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Mid tiers must prioritise biz development
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Mid tiers must prioritise biz development

Australia’s small and mid-tier firms must make business development a priority in 2012, according to a new benchmarking report.

Australia’s small and mid-tier firms must make business development a priority in 2012, according to a new benchmarking report.
According to research conducted by Crowe Horwath, in partnership with the Australian Legal Practice Management Association, small and mid-tier firms must now focus on business development to capitalise on the capacity they created in 2011 and to free up cash flow.
Crowe Horwath’s second benchmarking report assessed Australian law firms with respect to their profitability, working capital, return on capital and growth outlook, and found that while the country’s small and mid-tier firms spent 2011 gearing for growth, they struggled to maintain profitability.
According to the report, gross profit for Australian law firms declined by approximately 5 per cent year on year. This drop, however, was partly caused by higher levels of long-term capital investment by legal practices around the country.
“We saw many firms investing profits back in their businesses last year, creating opportunities for business growth heading into 2012,” said Andrew Chen, Crowe Horwath’s business advisory principal.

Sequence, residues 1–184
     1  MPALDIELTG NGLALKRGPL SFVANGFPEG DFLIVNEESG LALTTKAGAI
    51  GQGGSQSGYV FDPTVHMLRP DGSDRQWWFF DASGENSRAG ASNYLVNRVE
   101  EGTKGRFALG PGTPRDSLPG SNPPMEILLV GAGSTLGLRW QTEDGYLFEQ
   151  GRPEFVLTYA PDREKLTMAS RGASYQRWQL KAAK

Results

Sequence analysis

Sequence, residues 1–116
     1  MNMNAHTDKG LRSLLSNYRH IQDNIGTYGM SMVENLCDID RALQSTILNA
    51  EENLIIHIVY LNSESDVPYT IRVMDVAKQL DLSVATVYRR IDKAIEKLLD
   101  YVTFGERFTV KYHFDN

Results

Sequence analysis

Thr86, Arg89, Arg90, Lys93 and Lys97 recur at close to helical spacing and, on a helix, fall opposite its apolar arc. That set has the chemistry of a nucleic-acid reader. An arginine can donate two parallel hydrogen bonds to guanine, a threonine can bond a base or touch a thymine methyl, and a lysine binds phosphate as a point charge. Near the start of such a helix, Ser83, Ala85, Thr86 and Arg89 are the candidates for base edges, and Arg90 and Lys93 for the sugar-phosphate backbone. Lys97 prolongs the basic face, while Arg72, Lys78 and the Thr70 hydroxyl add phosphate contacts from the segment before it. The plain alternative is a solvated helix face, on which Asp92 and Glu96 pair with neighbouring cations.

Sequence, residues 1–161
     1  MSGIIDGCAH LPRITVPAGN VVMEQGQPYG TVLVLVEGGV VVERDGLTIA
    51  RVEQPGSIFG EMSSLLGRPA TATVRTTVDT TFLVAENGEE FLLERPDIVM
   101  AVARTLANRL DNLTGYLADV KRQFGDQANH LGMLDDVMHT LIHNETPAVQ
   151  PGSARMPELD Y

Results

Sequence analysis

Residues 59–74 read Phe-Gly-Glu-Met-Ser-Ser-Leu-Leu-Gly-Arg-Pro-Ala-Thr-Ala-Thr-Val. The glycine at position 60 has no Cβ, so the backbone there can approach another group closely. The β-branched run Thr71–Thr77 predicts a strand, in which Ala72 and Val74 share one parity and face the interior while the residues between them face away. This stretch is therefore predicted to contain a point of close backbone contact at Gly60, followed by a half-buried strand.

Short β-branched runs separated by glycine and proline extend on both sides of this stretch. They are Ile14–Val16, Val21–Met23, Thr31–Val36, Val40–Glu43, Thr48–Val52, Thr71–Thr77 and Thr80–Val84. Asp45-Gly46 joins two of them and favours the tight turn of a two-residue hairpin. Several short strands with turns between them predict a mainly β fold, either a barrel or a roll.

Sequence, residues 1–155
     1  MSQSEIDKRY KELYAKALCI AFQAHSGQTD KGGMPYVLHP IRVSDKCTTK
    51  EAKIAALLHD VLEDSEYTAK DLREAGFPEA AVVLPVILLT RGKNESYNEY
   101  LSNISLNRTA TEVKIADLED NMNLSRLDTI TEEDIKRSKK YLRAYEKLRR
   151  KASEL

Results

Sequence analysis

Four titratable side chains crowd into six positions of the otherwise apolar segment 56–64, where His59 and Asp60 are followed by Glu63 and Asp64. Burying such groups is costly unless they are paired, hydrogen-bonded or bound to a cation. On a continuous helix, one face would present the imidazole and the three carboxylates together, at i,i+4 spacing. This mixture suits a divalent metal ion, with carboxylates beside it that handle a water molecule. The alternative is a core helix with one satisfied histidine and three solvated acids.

“This includes many firms investing heavily in new practice management systems, premises and additional non-fee earner employees.”
Having invested heavily in capital last year, Australian law firms must now place business development at the top of their priority list for 2012.
According to Crowe Horwath, bringing in new work will free up cash flow, which is under pressure for many practices as a result of their lower profitability.
“From our research and our clients’ experience in the domestic legal services market, we predict that 2012 will continue the trend of less work to tender for, and more competition to secure it,” said Chen. “Under these conditions, a solid business development strategy is vital.”
This increase in competition and lower profitability in 2011 has also put significant pressure on the cash flow of Australian law firms, with average partner drawings now much less than in previous years.

“If the cash flow crisis continues, practices will begin to run into serious operational challenges,” said Chen. “For example, in our conversations with banks and other lenders, we can see they are becoming much more meticulous about the cash flow condition of legal practices when it comes to funding.” 

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